|Pronounced "too-mer-ick", Turmeric, Curcuma longa, is a rhizomatous herbaceous perennial plant. A member of the ginger family, Turmeric is native to tropical South Asia. Turmeric is a central ingredient in Curry Powders and pastes, Masalas, Ras El Hanout and is also called Indian Saffron or Curcumin Turmeric. Turmeric is also frequently misspelled as tumeric. Turmeric grows wild in the forests of South and Southeast Asia. It is one of the key ingredients in numerous Asian dishes. Tamil traditional medicine, called Siddha, has recommended turmeric for medicinal purposes for thousands of years.
How Turmeric is Used in Other Cultures
Turmeric is mostly used in savory dishes, but also makes some appearances in several sweet dishes, such as Sfouf cake. In India, the leaf of the turmeric plant is used in the preparation of the sweet dish patoleo where the coconut and rice flour are wrapped in the leaf.
Many Persian dishes use turmeric as a starter ingredient, and when combined with dried limes is used to flavor a Mesopotamian stew of meat, tomatoes, lentils and onion that is served over rice. In South Africa, turmeric gives boiled white rice a rich, golden color.
In the US, it's often used commercially in baked goods, biscuits, canned beverages, cake icings, cereals, dairy products, ice cream, orange juice, sauces, yellow cakes and yogurt.
Different Grades of Turmeric
We source our Turmeric from Alleppey, a region in the farthest reaches of southwestern India. There are several types of Turmeric produced in this region for the US - the “splits and bulbs” grade come from the main root (underground) and these tend to be less expensive and of a lower quality (less flavor, color and volatile oil) are more fibrous and difficult to grind.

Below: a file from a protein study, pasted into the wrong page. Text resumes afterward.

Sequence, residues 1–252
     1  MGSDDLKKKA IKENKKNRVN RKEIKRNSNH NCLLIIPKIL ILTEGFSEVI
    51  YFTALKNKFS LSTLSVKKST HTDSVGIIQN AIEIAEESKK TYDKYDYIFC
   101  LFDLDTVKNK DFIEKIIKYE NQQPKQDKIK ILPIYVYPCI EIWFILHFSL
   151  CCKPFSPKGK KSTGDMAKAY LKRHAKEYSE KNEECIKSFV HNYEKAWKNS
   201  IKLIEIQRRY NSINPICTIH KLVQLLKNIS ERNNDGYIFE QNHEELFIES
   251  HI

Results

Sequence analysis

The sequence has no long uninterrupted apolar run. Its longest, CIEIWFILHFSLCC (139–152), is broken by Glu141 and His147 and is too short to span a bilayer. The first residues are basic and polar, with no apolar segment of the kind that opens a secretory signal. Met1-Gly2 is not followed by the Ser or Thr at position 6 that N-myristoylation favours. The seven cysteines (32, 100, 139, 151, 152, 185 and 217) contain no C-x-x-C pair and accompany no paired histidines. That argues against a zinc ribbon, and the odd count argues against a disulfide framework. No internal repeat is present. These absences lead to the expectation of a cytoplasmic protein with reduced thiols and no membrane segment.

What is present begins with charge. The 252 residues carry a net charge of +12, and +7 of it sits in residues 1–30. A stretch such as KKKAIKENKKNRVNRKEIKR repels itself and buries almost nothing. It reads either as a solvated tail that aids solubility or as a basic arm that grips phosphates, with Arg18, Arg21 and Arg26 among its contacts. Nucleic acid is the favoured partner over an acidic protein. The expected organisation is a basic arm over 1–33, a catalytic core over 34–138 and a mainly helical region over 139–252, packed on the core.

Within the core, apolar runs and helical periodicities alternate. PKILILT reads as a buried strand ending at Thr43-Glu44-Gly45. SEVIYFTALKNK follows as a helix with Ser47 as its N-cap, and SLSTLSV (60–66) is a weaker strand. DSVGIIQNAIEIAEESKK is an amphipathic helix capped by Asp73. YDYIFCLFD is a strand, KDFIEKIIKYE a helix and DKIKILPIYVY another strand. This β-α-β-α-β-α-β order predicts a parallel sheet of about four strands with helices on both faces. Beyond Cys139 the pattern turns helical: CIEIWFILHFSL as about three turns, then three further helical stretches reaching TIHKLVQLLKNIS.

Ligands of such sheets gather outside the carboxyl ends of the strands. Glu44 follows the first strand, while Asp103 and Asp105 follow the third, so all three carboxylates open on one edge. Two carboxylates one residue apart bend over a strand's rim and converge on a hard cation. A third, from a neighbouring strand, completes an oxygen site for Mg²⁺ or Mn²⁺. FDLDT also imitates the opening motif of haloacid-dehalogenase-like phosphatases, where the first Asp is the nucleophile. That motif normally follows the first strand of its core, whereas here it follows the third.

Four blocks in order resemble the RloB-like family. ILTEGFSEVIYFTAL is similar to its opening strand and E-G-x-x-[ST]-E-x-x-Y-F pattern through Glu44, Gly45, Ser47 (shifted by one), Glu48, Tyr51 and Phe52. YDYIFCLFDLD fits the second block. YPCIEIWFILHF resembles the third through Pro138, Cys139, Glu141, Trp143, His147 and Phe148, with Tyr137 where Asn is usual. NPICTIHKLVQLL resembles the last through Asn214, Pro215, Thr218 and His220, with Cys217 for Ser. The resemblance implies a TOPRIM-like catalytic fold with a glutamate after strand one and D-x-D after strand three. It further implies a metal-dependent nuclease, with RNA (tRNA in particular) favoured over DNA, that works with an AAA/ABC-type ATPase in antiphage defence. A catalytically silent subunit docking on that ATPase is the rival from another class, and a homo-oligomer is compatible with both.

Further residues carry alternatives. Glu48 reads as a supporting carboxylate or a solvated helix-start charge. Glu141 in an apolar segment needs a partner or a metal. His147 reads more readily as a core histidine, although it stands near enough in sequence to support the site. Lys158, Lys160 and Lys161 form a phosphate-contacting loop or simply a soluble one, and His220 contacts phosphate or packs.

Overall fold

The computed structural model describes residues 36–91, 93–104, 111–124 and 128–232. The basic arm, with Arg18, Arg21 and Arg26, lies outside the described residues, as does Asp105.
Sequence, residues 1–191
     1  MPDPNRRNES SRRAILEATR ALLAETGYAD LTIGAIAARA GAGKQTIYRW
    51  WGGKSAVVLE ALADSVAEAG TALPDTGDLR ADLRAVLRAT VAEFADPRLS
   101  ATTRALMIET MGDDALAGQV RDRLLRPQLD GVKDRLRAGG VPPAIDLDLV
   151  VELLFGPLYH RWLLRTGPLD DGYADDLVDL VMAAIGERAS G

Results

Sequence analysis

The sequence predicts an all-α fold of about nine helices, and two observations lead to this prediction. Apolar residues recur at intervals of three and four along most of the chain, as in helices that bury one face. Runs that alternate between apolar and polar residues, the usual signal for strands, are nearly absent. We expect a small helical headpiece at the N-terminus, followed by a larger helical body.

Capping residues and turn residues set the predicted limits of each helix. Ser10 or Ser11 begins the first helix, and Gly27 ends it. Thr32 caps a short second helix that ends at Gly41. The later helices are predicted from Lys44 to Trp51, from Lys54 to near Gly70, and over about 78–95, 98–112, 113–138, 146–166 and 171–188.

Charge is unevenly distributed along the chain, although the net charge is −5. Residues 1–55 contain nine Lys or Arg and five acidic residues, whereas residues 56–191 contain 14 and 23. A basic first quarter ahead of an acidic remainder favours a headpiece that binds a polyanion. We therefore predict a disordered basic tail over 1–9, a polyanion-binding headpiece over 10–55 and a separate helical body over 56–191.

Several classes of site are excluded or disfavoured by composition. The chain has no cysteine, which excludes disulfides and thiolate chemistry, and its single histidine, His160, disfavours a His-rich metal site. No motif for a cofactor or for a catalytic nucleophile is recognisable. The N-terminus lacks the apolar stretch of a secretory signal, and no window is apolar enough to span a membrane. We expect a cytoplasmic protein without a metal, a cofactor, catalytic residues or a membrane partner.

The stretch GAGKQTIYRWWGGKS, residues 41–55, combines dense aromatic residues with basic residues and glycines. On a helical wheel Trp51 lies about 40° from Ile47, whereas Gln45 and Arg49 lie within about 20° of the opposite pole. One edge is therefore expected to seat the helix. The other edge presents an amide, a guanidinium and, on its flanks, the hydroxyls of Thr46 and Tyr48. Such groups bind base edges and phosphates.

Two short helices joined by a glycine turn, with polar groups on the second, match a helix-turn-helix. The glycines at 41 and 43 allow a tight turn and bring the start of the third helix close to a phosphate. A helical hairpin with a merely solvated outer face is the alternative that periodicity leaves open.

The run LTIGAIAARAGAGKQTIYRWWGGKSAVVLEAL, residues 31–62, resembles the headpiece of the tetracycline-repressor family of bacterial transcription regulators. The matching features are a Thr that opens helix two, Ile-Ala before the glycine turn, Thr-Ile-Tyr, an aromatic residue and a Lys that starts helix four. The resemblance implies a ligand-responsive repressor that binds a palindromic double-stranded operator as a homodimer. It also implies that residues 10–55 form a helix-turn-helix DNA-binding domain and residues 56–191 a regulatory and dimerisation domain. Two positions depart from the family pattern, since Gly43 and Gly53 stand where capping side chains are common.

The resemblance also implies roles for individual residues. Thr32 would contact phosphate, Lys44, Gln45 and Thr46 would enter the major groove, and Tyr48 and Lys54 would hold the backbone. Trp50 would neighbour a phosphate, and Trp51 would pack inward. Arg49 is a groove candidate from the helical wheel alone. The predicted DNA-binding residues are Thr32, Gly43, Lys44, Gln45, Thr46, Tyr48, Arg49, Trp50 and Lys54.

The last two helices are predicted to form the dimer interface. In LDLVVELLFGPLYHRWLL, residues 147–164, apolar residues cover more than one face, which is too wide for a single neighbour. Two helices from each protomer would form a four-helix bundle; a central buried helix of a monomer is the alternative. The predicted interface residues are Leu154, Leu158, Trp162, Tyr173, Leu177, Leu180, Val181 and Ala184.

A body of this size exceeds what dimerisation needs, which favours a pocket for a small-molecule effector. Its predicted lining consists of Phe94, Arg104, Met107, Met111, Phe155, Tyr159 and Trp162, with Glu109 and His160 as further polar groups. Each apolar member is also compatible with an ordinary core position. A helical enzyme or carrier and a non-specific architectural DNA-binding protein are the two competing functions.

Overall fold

We carry the higher quality Turmeric “Fingers” which are appendages that are separated from the main rhizome (which are the elongated horizontal subterranean plant stems that produce roots below and shoots above). These are then broken into 1” to 3” lengths. The “fingers” possess a greater curcumin content (in essence better coloring), more flavor (because of their higher volatile oil) and this provides an enhanced quality Turmeric for grinding.
Our top quality Turmeric contains 5%-6% curcuminoids (a group of yellow pigments) of which curcumin is the primary pigment. Curcumin gives the rhizome its orangish yellow coloring and this color level is also an indication of its quality. Turmeric is traded world-wide based on its curcumin content. Be careful when handling this, as it will stain hands, cooking utensils and even your clothes.
When and Where to Use
Use Turmeric with beans, chicken, eggs, fish, meat, rice and spinach.
Turmeric works well in combination with cilantro, coriander, cumin, fennel seed, ginger, mustard seeds, paprika and pepper.
With a complex, rich and woody aroma with citrus, floral and ginger undertones. The flavor is slightly sour and bitter, slightly pungent, warm and musky.
Some of the more popular recipes with Turmeric include African Vegetable Stew, Shrimp Garam Masala, Amritsari Chole and Rajma.
The Authentic India Spice Guide
8 Healthiest Cuisines in the World
Most Popular Spices by Cuisine
How Much Spice & When to Use It